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Kneeling Nude

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Kneeling Nude

Artist: Robert Laurent (American (b. France 1890-1970))

Date: c. 1944
Medium: Soft graphite on semitransparent tracing paper
Overall: 17 × 13 15/16in. (43.2 × 35.4cm)
Credit Line: Museum Purchase
Object number: 91.19
Text Entries

Laurent is credited with introducing direct carving methods to modernist American sculpture in the early decades of the twentieth century.(1) He consistently wrote that when facing a new piece of stone or wood he had no preconceived ideas about a sculpture. Laurent enjoyed the discovery, “cherchant dans la matiere, so to speak,” and allowed the shape of his material to guide him.(2) Therefore, with the exception of his largest public commissions, he did not create preparatory drawings for three-dimensional work. Though similar in subject matter, his works on paper generally exist as parallel investigations to his sculptures.

As a young man, Laurent saw Wilhelm Lehmbruck’s Kneeling Woman at the Armory Show and was moved to write, “Here was such a different approach to sculpture—such feeling for the figure.”(3) The nude female form subsequently became prominent in Laurent’s oeuvre. His figures were always somewhat stylized, but during the 1920s to the mid-1930s, Laurent took a reductive, solid approach that reveals indebtedness to Maillol.(4) He wrote that he tried to simplify “lines and forms in order to express myself with the knowledge obtained from observation and absorption of life and nature.“ One gets the impression, however, that by the late 1930s Laurent was not observing life to gain knowledge of the female form. Indeed, he created a virtual formula of simplified, rounded bodies.(6)

In the MWPI sketch, Laurent used soft charcoal to create the defining outline of a kneeling female nude. To suggest volume, he added stylized shading in the form of a zigzag at the contours and enhanced the lines defining the figure’s left side. Laurent also exaggerated selected anatomical proportions, notably those of the arms and legs, in a primitivizing style that informs most of his work.(7) It seems likely that Laurent made the sketch from a sculpture because the figure kneels on a platform that resembles a sculpture base.(8) Indeed, the figure’s physical characteristics are similar to those of his three-dimensional works dating from the early to mid-1940s. While Laurent sculpted several kneeling nudes,(9) none seems as close in physical type to the MWPI figure as his standing Dancer (1944).(10) Virtually all of the women Laurent depicted seem to have the same shoulder—length hairstyle with bangs (presumably in emulation of his wife, Mimi), but the Dancer and the MWPI figure share other, more specific characteristics. Both have an elongated face, and the shape of the Daneer’s torso, as well as the position of her upraised arm, are like those of the MWPI figure. On the basis of these stylistic similarities, the drawing can be dated to this period.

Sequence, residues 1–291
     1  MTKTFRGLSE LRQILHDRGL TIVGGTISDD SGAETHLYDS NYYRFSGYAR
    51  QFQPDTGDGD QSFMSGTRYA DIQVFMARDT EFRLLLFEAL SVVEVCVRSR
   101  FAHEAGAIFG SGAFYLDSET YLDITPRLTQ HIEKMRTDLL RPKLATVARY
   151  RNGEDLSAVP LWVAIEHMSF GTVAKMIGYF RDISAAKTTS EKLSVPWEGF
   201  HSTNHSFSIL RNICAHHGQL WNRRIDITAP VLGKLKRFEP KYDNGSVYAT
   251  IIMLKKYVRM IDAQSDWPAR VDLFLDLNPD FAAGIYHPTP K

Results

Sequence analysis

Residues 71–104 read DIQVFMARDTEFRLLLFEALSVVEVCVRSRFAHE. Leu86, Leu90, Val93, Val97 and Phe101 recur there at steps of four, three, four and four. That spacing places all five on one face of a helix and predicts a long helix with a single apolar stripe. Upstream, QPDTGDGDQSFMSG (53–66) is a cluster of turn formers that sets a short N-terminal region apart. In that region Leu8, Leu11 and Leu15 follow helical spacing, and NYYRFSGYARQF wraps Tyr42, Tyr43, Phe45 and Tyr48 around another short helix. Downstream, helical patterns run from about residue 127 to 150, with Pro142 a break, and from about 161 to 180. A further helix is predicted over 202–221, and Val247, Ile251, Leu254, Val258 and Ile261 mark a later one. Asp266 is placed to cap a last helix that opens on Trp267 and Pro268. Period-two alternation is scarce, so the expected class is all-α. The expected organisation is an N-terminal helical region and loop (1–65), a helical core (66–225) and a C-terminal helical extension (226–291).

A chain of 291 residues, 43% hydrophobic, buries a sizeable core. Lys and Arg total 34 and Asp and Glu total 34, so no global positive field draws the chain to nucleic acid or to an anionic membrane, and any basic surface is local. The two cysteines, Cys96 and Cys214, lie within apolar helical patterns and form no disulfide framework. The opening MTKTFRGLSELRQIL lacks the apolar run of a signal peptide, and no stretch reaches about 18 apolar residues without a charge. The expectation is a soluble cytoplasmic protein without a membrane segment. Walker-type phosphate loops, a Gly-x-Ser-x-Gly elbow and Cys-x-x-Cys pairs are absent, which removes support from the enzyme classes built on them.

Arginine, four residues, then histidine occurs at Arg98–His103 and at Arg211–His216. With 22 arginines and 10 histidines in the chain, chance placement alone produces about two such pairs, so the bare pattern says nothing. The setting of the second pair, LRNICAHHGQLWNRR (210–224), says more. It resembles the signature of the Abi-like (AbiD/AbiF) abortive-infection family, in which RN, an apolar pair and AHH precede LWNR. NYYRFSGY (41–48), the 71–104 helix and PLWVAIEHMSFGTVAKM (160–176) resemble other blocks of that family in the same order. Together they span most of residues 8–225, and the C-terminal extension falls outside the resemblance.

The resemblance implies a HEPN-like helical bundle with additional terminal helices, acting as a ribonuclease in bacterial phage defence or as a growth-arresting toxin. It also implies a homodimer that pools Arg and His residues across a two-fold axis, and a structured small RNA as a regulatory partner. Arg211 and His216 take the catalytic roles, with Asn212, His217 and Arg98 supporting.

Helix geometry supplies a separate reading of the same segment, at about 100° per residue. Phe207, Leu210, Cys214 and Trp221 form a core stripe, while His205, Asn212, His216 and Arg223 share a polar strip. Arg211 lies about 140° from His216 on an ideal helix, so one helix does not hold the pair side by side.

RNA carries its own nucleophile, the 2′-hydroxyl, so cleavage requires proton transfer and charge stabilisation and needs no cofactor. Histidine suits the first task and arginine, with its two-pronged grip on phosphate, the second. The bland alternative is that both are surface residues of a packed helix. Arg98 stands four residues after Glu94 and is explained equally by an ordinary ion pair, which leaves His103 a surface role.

1. See Roberta K. Tarbell, “Direct Carving,” in Joan M. Matter, Roberta K. Tarbell, and Jeffrey Wechsler, Vanguard American Sculpture 1913-1939 (New Brunswick, N.J.: Rutgers University Art Gallery, 1979), 47.

2. Robert Laurent Papers, Archives of American Art, Smithsonian Institution, Washington, D.C., microflm 2066, frame 1148; see also microfilm 2067, frame 46.

3. Laurent Papers, microfilm 2066, frame 1166. See also Milton W. Brown, The Story of the Armory Show, 2d ed. (New York: Abbeville Press and the Joseph H. Hirshhorn Foundation, 1988), no. 600, illus. 43.

4. One of his most sensitive bronzes from this period is Kneeling Figure (1935, Art Institute of Chicago and Whitney Museum of American Art); see Peter Moak, The Robert Laurent Memorial Exhibition, (Durham, N.H.: University of New Hampshire, 1972), no. 41.

5. Laurent Papers, microfilm 2066, frame 1149.

6. See Moak, Robert Laurent Memorial Exhibition, nos. 46, 52, 53, 54, 55, 57, 63, or 64. By the early 1950s, Laurent's female nudes could be described as mannered.

7. Laurent remained faithful to his early, modernist influences such as Gauguin, Maillol, “Negro” sculpture, and Cubism, which he first encountered in Paris between 1905 and 1907. See Laurent Papers, microfilm 2066, frames 1161 and 1327. See also Roberta K. Tarbell, “Impact of Vanguard Exhibitions in Paris and New York,” in Marter, Tarbell, and Wechsler, Vanguard American Sculpture 1913- 1939, 14-15.

8. To date, a specific sculpture source for the MWPI drawing has not been identified. However, Roberta Tarbell to Paul D. Schweizer, February 4, 1992, suggested that a plaster sculpture relating to the MWPI drawing may have existed.

9. See Moak, Robert Laurent Memorial Exhibition, nos. 39, 52, 53.

10. Reproduced in Moak, Robert Laurent Memorial Exhibition, no. 57.


© Estate of Robert Laurent